By the mid-1960's, its validity as an absolute dating technique was established by workers at Oxford and Birmingham in England, Riso in Denmark, and at the University of Pennsylvania in the U. The Research Laboratory for Archaeology at Oxford, in particular, has played a major role in TL research.
Among the reasons for this is the small amount of material that may be taken for testing.
Drilling, the usual method of sampling, introduces some uncertainty.
Finally, one has to make the measurements regardless of whether the TL of the clay is well-behaved or not.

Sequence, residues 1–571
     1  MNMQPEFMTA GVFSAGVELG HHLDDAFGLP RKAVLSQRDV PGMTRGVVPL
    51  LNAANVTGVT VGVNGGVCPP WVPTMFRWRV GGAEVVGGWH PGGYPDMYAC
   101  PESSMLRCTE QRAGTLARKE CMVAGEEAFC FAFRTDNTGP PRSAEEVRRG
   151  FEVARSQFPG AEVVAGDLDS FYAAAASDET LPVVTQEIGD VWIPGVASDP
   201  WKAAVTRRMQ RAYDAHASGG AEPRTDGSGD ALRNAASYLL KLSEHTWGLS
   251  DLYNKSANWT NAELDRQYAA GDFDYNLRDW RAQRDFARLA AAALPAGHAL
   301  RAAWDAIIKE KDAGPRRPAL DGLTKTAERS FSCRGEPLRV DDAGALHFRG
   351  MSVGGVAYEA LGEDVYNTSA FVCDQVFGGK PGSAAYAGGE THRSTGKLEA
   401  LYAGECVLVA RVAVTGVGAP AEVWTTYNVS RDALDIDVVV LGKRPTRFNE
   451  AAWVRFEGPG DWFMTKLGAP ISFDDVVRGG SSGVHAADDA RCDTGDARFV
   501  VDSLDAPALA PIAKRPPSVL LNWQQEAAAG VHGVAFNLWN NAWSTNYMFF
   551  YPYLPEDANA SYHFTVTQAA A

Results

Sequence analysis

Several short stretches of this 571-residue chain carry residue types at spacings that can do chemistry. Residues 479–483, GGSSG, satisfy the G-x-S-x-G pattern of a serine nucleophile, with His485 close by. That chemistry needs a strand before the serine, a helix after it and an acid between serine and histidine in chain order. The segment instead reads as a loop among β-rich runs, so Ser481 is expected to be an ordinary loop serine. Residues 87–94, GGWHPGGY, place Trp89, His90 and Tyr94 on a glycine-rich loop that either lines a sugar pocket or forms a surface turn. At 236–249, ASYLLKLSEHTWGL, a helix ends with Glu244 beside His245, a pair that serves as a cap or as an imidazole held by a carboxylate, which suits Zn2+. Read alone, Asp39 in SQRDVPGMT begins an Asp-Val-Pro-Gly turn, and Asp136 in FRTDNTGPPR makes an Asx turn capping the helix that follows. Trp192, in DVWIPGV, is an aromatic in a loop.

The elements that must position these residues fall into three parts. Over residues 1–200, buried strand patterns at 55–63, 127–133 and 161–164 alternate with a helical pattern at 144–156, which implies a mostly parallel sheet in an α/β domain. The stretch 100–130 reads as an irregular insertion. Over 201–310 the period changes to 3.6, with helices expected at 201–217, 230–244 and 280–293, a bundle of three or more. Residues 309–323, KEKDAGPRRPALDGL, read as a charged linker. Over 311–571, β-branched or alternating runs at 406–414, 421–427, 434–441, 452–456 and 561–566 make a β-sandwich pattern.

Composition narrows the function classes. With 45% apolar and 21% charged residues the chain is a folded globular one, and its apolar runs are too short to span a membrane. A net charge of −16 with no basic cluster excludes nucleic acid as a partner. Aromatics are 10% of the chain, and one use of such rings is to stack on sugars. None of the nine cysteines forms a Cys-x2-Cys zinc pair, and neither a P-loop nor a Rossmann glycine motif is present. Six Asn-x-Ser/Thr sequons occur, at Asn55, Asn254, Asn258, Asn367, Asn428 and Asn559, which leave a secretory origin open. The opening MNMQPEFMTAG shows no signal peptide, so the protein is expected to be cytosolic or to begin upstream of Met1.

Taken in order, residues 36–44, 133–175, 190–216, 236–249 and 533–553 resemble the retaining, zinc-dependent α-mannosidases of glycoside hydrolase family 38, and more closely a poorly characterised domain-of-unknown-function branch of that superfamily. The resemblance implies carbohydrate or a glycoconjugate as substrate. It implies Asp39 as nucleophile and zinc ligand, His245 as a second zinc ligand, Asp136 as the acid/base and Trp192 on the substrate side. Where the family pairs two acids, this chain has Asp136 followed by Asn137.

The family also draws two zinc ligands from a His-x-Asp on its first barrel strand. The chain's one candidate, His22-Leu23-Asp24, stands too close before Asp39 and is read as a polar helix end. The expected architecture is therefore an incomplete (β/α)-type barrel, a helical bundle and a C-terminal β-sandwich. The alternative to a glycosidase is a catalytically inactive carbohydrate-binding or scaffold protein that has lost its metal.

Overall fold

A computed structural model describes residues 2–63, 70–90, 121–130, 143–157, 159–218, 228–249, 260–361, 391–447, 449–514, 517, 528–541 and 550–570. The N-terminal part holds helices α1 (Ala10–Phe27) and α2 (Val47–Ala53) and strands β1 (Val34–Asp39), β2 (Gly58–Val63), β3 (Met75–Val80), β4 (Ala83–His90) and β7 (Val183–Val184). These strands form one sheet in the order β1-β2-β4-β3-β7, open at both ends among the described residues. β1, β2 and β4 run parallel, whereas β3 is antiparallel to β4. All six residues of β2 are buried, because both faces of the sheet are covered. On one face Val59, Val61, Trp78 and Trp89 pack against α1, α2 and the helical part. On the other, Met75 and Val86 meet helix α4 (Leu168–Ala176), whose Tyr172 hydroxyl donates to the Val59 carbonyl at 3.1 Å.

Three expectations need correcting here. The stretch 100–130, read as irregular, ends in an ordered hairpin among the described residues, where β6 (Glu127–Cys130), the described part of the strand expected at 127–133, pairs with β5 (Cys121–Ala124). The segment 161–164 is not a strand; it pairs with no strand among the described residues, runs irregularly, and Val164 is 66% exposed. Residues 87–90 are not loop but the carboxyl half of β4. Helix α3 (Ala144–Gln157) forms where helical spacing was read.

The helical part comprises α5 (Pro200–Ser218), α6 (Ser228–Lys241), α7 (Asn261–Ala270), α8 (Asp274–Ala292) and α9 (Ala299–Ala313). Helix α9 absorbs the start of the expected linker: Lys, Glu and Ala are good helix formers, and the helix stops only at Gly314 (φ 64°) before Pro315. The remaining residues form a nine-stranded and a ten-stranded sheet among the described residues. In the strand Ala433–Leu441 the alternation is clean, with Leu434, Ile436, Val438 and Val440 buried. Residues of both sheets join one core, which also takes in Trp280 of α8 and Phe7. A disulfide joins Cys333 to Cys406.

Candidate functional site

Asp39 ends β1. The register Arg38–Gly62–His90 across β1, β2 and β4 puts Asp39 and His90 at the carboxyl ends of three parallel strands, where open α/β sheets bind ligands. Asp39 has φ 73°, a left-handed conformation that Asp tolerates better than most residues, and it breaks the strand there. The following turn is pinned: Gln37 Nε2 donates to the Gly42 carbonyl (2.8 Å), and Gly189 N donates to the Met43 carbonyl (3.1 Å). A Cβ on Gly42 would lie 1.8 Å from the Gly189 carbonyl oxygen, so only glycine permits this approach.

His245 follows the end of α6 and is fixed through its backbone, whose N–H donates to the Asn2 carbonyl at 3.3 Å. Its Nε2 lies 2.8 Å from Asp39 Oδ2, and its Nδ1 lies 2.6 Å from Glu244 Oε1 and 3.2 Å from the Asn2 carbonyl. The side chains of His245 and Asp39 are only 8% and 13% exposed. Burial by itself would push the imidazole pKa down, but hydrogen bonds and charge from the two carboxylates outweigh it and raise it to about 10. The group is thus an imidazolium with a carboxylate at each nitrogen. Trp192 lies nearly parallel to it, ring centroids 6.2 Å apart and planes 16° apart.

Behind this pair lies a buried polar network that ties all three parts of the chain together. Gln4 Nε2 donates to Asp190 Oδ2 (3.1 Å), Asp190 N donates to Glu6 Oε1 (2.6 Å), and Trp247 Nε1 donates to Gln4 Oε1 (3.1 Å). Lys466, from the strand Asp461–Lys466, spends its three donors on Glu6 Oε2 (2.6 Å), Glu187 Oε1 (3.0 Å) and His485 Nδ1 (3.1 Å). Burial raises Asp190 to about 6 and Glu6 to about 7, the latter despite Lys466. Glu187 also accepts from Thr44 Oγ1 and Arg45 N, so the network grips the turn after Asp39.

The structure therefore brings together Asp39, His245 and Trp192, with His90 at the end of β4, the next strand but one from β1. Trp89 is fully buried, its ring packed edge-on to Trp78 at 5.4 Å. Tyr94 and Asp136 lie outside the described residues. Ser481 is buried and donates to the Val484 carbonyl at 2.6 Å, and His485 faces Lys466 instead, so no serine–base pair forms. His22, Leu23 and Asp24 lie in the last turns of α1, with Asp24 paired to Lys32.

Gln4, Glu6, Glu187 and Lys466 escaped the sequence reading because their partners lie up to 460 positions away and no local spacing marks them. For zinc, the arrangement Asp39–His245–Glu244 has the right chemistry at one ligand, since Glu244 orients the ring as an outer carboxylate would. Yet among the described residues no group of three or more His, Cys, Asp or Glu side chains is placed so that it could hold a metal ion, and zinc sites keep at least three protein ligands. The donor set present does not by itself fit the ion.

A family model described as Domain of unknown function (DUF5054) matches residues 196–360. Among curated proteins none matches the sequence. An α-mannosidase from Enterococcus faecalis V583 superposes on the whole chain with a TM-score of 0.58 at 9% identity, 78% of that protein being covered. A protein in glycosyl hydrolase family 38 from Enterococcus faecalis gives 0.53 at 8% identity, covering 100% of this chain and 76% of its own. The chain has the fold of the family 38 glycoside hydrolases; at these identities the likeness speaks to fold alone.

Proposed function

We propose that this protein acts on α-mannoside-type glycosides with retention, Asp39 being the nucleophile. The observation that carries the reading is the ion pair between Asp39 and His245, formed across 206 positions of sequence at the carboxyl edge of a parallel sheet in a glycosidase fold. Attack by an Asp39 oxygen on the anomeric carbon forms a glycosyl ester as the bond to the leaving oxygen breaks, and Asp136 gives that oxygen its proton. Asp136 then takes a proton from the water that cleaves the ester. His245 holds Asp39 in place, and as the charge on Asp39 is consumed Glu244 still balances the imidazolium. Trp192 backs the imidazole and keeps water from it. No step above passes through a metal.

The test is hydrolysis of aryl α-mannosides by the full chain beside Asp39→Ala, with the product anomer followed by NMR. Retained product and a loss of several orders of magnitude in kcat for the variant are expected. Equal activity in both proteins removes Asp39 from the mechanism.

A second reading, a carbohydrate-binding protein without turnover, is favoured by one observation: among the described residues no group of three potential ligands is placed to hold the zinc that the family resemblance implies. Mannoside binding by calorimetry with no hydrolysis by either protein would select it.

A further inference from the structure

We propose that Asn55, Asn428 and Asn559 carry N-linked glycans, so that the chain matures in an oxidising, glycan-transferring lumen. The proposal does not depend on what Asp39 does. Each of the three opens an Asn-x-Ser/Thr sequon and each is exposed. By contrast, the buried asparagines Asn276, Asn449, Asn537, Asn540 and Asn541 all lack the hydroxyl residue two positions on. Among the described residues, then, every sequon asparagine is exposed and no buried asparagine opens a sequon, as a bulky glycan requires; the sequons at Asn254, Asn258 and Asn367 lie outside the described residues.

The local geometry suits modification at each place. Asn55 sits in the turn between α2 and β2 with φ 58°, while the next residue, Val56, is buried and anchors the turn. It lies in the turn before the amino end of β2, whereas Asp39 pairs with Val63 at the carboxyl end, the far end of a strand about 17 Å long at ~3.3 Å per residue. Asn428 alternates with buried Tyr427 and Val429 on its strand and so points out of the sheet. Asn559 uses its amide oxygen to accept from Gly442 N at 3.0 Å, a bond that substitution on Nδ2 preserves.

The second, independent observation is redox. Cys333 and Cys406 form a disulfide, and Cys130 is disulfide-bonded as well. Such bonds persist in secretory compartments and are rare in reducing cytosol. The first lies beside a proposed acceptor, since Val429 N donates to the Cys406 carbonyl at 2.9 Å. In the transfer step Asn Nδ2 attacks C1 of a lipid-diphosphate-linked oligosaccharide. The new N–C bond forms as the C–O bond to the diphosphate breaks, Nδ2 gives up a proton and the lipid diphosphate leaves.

Some clays are hardly thermoluminescent at all; some may not have a straight-line relationship between dose and TL; spurious luminescence due to chemical or pressure effects may mask the radiation-induced TL; occasionally, a condition called "anomalous fading", where part of the TL is unstable, may lessen the accuracy of the dose measurement.
When pottery is fired, it loses all its previously acquired TL, and on cooling the TL begins again to build up.